Who are reps? Reps are students currently studying at Falmouth University or the University of Exeter. Reps are a key part of the democratic systems of the students’ union, ensuring that you have a voice and influence in shaping your learning experience and overall university experience. Our reps gather feedback from their course mates about their course and wider university experience, work on projects that foster academic community, and even scrutinise and inform university policy to make your academic experience the best it can be. The issues that reps tackle can be big or small, from making your lecture rooms more comfortable to work in, to revising your course modules to make them more effective in supporting your assessments. Reps take students’ feedback to meetings with lecturers and staff to discuss any concerns and the actions that staff will take in response. Reps will then feed this information back to students and hold the university accountable to any decisions made in these meetings.
Who are the Student Voice team?
To support The SU’s democratic systems, there is a team of full-time staff available to help reps. The team train you on how to gather feedback, how to talk to different people, how elections and democracy work, and how to be effective in your role. Generally, we are also here as a regular point of contact in The SU. We share information about key dates, things to remember, and exciting wins for reps, connecting you with a bigger community of people interested in making change at university. Me and Penny work with the academic reps for Exeter and Falmouth respectively, whilst Lesley supports students from both universities! Matt, the Student Voice manager, works with our Sabbatical Team (also known as Presidents and Vice Presidents).
Why become a rep?
Put simply, as a rep you can make change happen in your university experience that benefits you and the people on your course. You don't have to be the loudest person in the room to be a good representative - the best reps are good listeners, and great at working in a team. Good reps will also be able to confidently speak up on behalf of students in meetings and be able to organise feedback and submit it to a deadline. The role will give you a chance to build on your confidence, organisation and teamwork skills and you will be supported by the SU throughout the process. As a rep, you learn skills that will build your CV and make you stand out in job applications and interviews during and after university. Reps learn how to communicate effectively, work collaboratively, and understand how to form strong relationships with others on a professional and personal level. Learning more about university systems, democratic systems, and how courses are planned and managed is a key part of being a rep. For people interested in the education sector, politics or organising people, you will gain useful knowledge to inform your university experience and your working life. You’ll also develop working relationships with your course staff, gaining an insight into their day-to-day jobs and how they support your learning.You'll also have opportunities to connect with our network of reps across both universities, all courses, and year groups. You receive ongoing training throughout the year in role, including Equity, Diversity, and Inclusivity training, Look After Your Mate Training, and more. If there’s training that you are interested in, please talk to the Student Voice team so that we can develop the role according to your needs and suggestions. Reps are a key part of the Students’ Union so we like to make sure you are regularly rewarded. We organise free pizza and snacks at some meetings and give small items like lanyards to make sure you can be recognised by your course mates.How to become a rep If you'd like to become a rep for your course, you can find out more about how to put your name forward on this page, under 'How to become a Rep'.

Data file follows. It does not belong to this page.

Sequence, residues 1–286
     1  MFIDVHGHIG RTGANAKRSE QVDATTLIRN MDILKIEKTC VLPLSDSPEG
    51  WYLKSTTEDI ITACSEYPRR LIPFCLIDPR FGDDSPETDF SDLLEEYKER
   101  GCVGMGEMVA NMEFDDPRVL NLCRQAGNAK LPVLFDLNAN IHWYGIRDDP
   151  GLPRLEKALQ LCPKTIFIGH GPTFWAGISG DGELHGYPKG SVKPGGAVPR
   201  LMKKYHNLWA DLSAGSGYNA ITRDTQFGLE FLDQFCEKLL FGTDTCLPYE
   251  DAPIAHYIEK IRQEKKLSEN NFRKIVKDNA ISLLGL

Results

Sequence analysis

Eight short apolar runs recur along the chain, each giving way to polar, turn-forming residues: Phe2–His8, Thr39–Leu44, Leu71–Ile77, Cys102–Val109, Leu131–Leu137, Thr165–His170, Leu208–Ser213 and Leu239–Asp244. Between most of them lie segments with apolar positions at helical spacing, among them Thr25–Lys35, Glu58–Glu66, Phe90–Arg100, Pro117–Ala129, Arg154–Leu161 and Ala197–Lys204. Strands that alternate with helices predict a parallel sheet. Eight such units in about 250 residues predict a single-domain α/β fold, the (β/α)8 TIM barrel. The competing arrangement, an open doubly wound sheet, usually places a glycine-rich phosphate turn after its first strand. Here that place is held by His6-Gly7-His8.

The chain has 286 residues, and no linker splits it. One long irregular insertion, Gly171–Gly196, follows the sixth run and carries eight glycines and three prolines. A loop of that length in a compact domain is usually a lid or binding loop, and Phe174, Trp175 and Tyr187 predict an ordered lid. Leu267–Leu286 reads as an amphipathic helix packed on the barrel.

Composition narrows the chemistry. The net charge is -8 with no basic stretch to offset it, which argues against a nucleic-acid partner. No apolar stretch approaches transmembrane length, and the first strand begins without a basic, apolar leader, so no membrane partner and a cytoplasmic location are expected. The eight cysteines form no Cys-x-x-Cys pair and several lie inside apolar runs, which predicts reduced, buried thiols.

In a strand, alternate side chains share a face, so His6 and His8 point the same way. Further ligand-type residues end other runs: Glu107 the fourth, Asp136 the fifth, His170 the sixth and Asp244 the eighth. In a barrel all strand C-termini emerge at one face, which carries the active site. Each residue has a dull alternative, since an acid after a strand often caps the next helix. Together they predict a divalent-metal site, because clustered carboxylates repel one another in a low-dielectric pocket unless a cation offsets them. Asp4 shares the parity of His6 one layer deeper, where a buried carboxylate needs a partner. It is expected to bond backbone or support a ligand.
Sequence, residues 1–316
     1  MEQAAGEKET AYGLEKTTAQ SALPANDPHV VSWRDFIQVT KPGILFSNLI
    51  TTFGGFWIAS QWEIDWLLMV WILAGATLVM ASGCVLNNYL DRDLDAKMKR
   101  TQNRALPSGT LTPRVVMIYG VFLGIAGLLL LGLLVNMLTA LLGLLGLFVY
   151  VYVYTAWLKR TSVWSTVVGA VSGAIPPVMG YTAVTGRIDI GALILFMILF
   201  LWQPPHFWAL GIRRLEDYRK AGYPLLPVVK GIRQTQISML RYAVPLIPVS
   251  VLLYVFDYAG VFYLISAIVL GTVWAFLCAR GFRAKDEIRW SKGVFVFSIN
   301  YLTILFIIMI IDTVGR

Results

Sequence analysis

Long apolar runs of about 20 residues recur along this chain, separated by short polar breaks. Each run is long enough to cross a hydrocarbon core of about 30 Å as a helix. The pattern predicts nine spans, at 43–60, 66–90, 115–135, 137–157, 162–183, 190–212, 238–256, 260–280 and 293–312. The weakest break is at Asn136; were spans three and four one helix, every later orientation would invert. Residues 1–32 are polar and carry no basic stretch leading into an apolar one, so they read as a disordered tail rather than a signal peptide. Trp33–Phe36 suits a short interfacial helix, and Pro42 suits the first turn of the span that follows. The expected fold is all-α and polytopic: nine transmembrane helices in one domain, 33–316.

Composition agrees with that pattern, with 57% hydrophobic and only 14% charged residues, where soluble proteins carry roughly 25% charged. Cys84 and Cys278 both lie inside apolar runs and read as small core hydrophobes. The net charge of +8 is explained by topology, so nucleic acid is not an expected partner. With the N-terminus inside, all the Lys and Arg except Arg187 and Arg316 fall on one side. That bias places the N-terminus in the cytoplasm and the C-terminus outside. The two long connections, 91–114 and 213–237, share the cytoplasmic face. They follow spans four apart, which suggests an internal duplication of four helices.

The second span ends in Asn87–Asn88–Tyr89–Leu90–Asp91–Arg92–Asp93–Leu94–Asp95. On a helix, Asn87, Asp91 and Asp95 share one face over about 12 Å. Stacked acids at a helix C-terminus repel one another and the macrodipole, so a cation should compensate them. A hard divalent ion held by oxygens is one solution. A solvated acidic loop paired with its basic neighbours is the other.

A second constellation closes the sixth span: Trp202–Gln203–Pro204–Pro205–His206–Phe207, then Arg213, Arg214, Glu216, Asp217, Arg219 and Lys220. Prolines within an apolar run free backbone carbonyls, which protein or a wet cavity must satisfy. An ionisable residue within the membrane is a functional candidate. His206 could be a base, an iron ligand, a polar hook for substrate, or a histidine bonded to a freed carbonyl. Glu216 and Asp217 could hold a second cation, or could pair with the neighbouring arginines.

If you are a rep, you may find that students come to you with difficult issues that simply aren’t your job to solve – if this happens, it’s important to direct your peers to the appropriate members of staff.
The following are examples of what is NOT your job as a rep, and where you can signpost students for support: